20 Dec, 2019
Chances are, your home is the most important thing you’ll ever own – not to mention, the most expensive! You spend years saving up for it, jumping through all the administrative hoops, securing a home loan and choosing the perfect one. So, once you’ve moved in, protecting your home – and the cherished belongings inside it – should be of paramount importance. But alarmingly, research from Mozo shows that up to 66% of Australian properties are underinsured when it comes to home and contents insurance.
The bushfires that ravaged our country in 2019 truly highlighted the importance of having adequate home and contents insurance. With more than 500 homes destroyed across the nation, many of these homeowners will be left out of pocket as they start to rebuild. As global warming continues to create unpredictable weather conditions in the new decade and beyond, now is the perfect time to make sure your home is adequately protected. But how do you pick the best home and contents insurance in Australia, and how much will it cost you? And do renters need home and contents insurance too, or is it only for homeowners?
Here, we’ve put together a handy guide to everything you need to know about home and contents insurance.
Related Text: What are the costs involved in buying a home?
You may be wondering ‘why do I need home and contents insurance?’ After all, it might seem like just another expense on top of all your other bills. However, the cost of having to replace or rebuild your property in an emergency is far greater than any premiums you’d pay for insurance – so it’s often just not worth the risk.
When you’re properly insured, it allows you to gain quick access to the funds needed to rebuild or repair your home and replace your belongings – so you can get safely and comfortably back into your home sooner.
While protecting one’s property and belongings is one reason many Australians get home and contents insurance, it’s not the only reason. Many lenders require homeowners to purchase insurance that covers at least the cost of the property. This helps to protect them from the property losing value while you’re still paying off your mortgage.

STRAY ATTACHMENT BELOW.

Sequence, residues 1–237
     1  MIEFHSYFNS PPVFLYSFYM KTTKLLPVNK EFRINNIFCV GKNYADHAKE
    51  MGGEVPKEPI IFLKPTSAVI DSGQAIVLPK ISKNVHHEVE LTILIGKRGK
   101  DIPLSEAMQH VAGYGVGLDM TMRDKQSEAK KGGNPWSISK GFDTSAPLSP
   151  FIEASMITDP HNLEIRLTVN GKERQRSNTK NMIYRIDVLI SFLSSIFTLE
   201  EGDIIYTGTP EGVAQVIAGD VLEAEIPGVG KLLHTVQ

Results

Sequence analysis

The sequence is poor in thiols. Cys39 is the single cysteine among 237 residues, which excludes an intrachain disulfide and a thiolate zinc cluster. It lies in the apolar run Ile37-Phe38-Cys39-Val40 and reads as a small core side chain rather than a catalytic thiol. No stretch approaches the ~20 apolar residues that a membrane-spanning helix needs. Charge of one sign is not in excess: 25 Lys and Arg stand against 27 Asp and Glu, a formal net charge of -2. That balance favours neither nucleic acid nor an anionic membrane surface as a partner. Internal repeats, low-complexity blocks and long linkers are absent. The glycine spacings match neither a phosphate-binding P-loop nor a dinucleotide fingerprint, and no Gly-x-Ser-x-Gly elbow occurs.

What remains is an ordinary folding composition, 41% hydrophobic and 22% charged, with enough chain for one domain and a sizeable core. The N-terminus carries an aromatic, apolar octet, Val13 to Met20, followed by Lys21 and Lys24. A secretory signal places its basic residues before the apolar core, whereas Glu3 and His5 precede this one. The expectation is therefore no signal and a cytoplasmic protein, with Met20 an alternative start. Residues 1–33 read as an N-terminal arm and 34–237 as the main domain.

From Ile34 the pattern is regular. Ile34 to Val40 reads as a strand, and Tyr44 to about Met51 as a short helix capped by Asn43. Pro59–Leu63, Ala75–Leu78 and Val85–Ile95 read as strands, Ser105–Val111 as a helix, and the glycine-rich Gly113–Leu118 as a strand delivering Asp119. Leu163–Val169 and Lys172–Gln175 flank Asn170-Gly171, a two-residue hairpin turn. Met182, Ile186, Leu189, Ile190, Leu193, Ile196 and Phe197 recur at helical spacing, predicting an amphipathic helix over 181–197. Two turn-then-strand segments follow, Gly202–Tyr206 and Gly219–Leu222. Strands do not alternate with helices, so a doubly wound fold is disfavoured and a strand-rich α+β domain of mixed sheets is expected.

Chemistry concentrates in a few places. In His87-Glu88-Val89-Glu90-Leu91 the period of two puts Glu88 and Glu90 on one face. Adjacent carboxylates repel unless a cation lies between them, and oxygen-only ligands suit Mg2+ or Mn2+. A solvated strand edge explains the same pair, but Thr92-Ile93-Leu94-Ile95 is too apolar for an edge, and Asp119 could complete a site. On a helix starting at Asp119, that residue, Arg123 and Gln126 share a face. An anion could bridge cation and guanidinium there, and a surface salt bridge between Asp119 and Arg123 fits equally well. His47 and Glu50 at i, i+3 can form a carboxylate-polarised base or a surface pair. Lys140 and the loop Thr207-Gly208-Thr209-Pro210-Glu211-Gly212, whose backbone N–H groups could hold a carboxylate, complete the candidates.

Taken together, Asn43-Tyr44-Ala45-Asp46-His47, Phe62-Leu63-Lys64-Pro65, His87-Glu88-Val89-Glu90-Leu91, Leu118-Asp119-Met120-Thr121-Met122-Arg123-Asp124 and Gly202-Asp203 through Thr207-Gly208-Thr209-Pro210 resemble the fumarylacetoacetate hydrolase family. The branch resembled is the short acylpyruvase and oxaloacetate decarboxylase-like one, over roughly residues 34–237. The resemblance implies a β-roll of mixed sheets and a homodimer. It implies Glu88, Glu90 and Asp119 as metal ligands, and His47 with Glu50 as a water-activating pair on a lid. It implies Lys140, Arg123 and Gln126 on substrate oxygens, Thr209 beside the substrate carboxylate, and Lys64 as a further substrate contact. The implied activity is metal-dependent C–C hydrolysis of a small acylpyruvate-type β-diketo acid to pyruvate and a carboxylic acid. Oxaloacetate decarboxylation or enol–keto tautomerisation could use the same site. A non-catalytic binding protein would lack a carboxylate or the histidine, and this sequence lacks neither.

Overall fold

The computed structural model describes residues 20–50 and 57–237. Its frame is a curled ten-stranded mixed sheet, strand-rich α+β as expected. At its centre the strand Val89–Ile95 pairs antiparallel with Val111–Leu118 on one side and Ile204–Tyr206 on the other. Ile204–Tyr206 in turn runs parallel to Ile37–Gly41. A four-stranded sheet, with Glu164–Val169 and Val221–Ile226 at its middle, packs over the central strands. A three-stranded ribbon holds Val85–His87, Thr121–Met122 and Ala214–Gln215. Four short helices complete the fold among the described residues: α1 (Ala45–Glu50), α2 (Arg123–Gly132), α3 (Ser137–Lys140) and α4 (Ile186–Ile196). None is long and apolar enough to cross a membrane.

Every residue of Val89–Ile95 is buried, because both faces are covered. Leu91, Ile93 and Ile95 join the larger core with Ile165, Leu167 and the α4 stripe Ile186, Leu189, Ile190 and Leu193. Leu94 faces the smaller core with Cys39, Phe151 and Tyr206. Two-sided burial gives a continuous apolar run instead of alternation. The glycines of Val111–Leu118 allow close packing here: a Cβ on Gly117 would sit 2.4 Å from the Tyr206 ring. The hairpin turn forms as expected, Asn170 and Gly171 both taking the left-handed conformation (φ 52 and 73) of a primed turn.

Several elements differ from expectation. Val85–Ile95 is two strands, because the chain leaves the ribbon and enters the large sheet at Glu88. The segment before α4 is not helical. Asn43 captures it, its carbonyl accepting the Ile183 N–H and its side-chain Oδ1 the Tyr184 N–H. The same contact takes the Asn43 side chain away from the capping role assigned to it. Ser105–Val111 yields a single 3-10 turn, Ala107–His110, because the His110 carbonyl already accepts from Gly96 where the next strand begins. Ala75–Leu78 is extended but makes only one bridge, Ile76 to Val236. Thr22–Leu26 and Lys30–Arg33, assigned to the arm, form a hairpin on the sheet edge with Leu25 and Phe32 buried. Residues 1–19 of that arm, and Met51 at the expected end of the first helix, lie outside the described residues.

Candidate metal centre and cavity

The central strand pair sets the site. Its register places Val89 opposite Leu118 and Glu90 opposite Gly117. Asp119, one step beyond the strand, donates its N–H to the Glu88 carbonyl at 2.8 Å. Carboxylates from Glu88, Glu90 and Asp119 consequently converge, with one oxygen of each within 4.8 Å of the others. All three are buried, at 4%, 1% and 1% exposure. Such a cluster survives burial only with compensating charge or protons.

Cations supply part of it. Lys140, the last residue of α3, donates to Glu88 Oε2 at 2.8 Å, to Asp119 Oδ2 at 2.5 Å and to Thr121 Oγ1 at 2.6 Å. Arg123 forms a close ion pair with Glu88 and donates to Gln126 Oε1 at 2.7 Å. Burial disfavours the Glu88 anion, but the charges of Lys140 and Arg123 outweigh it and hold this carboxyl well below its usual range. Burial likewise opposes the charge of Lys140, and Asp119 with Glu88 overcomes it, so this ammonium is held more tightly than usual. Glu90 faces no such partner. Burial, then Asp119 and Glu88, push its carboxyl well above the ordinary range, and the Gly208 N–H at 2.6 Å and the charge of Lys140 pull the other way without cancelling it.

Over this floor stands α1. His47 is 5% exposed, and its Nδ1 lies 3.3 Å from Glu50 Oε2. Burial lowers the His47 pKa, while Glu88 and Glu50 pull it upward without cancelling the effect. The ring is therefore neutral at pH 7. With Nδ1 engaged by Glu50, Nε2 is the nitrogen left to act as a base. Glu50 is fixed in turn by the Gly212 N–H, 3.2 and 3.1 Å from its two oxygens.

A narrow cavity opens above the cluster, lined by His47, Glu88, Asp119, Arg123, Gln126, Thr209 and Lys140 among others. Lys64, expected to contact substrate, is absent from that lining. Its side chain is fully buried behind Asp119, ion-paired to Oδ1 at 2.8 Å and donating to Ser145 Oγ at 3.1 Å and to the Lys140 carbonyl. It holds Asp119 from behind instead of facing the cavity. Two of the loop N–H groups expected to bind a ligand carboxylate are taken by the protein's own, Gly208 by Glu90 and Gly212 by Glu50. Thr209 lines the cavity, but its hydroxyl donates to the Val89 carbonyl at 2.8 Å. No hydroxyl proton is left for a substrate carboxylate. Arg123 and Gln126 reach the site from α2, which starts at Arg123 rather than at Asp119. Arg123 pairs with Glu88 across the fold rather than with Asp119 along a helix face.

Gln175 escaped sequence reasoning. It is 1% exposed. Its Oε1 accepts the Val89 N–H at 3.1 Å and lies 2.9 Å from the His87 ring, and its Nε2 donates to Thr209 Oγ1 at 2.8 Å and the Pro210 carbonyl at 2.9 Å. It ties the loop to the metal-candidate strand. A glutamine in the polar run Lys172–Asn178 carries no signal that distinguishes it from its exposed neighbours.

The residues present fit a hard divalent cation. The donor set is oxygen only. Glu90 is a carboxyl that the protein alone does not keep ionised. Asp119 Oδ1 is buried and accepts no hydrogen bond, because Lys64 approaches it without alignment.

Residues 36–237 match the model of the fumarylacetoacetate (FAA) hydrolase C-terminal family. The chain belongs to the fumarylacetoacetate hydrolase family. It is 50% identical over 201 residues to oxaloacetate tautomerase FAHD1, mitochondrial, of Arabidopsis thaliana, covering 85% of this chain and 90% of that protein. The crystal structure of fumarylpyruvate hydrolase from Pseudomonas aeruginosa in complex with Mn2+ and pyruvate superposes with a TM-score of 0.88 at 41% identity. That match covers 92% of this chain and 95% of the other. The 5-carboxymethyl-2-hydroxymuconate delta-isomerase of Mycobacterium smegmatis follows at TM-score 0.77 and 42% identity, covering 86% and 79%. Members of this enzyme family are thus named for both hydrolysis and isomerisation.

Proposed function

Taking out home and contents insurance can also protect you from liability. Say, for example, a neighbour comes to your property, trips over a wire and breaks a bone – they may ask you to foot their medical bill. Having home and contents insurance will help you to cover some of this cost so you’re not left in the lurch.
The exact amount you will be covered for depends on a number of factors, including your provider, the type of insurance and your individual circumstances. The different types of insurance include:
With these policies, you nominate how much your home and contents would cost to replace and they will pay claims up to that amount specified on your insurance policy.
These policies will pay a predetermined percentage of up to 30% above the sum insured amount.
Applying only to building cover, this type of policy will pay whatever it costs to repair or rebuild your property.
When it comes to calculating how much home and contents insurance cover you need, it’s best to start with figuring out how much your home would cost to repair. There are a couple of ways you can calculate this, including:
There are many things many basic contents insurance packages don’t automatically cover. These include:
It’s worth being aware that there are also some circumstances that your home and contents insurance isn’t covered, such as in the case of accidental damage. So, always double check with your insurer when you’re signing up.